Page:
Ballad Health Chief Operating Officer Eric Deaton said it is a great example of community collaboration.
“We are proud to work with the Sullivan County Sheriff’s Office in this effort to help protect inmates, law enforcement officers and jail visitors, and also help curtail the far-reaching effects of drug use and illegal activity and the impact they have on our health and in our community,” Deaton said.
On average, the Sullivan County Jail books about 160 inmates a week.
Cassidy said discoveries of contraband using the scanner are averaging about one per day.
By Staff Report
JOHNSON CITY — A Johnson City teacher this month received statewide recognition for her efforts in bringing Holocaust education into both her classroom and the entire Northeast Tennessee region.
Kim Kenneson, a middle school teacher at St. Mary’s School, was named a Belz-Lipman Holocaust Educator of Excellence, one of three across the state, by the Tennessee Holocaust Commission. As such, Kenneson was recognized at the statewide Holocaust Remembrance event at the Tennessee General Assembly and received money to further Holocaust education in this region.
Kenneson, an organizer of the Northeast Tennessee Holocaust Education Council, serves as a teaching fellow for the Tennessee Holocaust Commission and a teaching fellow for the United States Holocaust Memorial Museum. She and other Holocaust educators organized a regionwide virtual event in April in which high school students joined with the Milligan University choir and orchestra to remember the Holocaust. The event was shown at high schools across Northeast Tennessee.
“Lessons from the Holocaust create a moral compass for our students,” said Kenneson. “By providing an in-depth look at the forces that created this atrocity, we can teach students how to prevent this from ever happening again.”
At St. Mary’s School, Kenneson teaches a unit on the Holocaust that embeds both the historical context and literature from Holocaust victims. She has traveled to such Holocaust sites as Auschwitz and the Jewish quarters of Krakow, Poland, to further her education. Over the past several years, she has attended several conferences nationwide on the Holocaust and was named as part of a cohort of teachers for the Museum Teacher Fellow program at the United States Holocaust Memorial Museum. In 2019, she organized the Northeast Tennessee Holocaust Education Council along with other area teachers, professors, and members of the B’nai Sholom congregation. They have assembled teaching materials for area schools that will be augmented with the proceeds from this award and distributed upon request by schools.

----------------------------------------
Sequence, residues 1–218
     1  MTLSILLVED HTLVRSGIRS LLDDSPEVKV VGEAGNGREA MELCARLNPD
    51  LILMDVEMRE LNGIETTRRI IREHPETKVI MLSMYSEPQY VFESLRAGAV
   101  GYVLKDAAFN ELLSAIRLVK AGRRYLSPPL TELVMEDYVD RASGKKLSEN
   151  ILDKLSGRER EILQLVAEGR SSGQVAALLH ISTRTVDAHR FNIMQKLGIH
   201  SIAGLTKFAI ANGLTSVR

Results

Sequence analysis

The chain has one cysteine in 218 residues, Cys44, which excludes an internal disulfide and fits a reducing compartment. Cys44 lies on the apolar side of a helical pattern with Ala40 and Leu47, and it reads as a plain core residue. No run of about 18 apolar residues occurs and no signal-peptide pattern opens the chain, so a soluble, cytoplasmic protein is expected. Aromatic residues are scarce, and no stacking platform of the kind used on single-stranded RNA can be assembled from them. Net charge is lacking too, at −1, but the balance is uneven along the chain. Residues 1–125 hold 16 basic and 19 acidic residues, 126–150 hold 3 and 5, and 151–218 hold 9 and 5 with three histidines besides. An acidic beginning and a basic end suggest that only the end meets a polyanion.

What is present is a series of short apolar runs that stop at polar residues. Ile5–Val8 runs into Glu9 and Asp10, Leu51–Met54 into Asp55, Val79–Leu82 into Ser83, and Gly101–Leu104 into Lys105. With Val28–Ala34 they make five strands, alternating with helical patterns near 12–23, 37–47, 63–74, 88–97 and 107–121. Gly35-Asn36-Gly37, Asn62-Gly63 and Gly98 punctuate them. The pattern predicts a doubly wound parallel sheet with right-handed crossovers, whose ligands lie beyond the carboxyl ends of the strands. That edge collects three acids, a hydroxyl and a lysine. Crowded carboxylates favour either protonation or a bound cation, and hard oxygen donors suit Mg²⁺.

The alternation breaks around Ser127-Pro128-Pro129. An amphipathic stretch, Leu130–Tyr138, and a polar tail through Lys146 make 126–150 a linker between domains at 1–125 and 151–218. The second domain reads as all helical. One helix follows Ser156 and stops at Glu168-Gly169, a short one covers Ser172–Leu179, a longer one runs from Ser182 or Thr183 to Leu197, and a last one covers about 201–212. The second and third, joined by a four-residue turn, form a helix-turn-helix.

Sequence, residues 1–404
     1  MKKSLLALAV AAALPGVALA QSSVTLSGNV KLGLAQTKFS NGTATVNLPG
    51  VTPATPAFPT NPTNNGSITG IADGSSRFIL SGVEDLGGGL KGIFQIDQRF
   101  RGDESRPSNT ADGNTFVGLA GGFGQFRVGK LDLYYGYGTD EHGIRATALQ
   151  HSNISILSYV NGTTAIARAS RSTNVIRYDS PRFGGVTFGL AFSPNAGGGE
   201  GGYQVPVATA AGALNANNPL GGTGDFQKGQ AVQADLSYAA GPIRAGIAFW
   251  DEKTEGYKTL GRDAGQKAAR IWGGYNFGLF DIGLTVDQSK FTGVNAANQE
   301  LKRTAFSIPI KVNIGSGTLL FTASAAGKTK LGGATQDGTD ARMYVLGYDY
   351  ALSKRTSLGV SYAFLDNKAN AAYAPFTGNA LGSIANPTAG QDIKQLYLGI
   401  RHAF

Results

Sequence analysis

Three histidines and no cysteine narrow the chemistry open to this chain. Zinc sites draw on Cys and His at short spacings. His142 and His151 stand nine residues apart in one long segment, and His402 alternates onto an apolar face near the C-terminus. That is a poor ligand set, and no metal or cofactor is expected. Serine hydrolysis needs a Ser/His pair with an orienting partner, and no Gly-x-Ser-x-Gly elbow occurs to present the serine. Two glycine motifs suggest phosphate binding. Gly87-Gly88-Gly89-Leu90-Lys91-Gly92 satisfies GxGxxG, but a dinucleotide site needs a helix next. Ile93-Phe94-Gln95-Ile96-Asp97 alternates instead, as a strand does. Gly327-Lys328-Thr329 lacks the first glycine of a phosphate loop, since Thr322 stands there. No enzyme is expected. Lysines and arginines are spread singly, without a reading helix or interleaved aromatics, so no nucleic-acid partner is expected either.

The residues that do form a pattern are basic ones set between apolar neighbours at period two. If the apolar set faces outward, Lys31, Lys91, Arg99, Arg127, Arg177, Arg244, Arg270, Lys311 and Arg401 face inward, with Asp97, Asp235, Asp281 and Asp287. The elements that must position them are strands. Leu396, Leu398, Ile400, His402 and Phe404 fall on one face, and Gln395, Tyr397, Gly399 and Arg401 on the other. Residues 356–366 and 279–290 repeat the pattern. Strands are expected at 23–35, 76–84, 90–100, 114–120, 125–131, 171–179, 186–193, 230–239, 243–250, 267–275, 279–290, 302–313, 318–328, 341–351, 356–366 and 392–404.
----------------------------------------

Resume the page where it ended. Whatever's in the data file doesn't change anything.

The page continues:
The Belz-Lipman Holocaust Educator of Excellence award is given annually by the Tennessee Holocaust Commission after a statewide competition in which teachers apply or are recommended by their students and others. The educators are recognized by the Tennessee General Assembly at its annual Holocaust Remembrance Event. A former student of Kenneson’s wrote her recommendation.
By JEFF BOBO
ROGERSVILLE — For the first time in 15 years, the Of One Accord ministry’s Lunch Box summer feeding program will not deliver lunch to Hawkins County children.
At least not until some help arrives.
The ministry has food, and it has the “Lunch Box” mobile cafeterias converted from old buses to deliver the meals.
What the ministry doesn’t have is three critical staff members to prepare and deliver the food.
Program director Rita Jones said the lunch deliveries, which usually begin when the Hawkins County school year ends, will be delayed or possibly canceled this summer if three employees aren’t hired.
The open positions are for a cook and two monitors to deliver meals to about a dozen neighborhoods.
“Everyone from fast-food restaurants to industry is begging for workers right now, most of which have increased (pay) to get people to work,” Jones said.
“As a nonprofit, raising money for our program and giving away free lunches, we can’t do that. In past years we’ve had an abundance of applications to choose from, but this year, literally none.”
The Lunch Box program, which began in 2006, delivered more than 12,000 lunches to 20 locations across Hawkins County at its peak. Last year the numbers were down due to the schools providing free lunches throughout the summer as well, with only 4,400 lunches delivered to 12 locations.
“If workers or volunteers present themselves soon, we can pick up service in July,” Jones said. “If not, we will have to cancel for 2021 for the first time since Of One Accord started this program in 2006.”
Anyone willing to volunteer or work the three positions is asked to contact Jones at (423) 921-8036 Monday through Friday before 2 p.m.
Walk-in applicants are also welcome at the Shepherd Center in downtown Rogersville.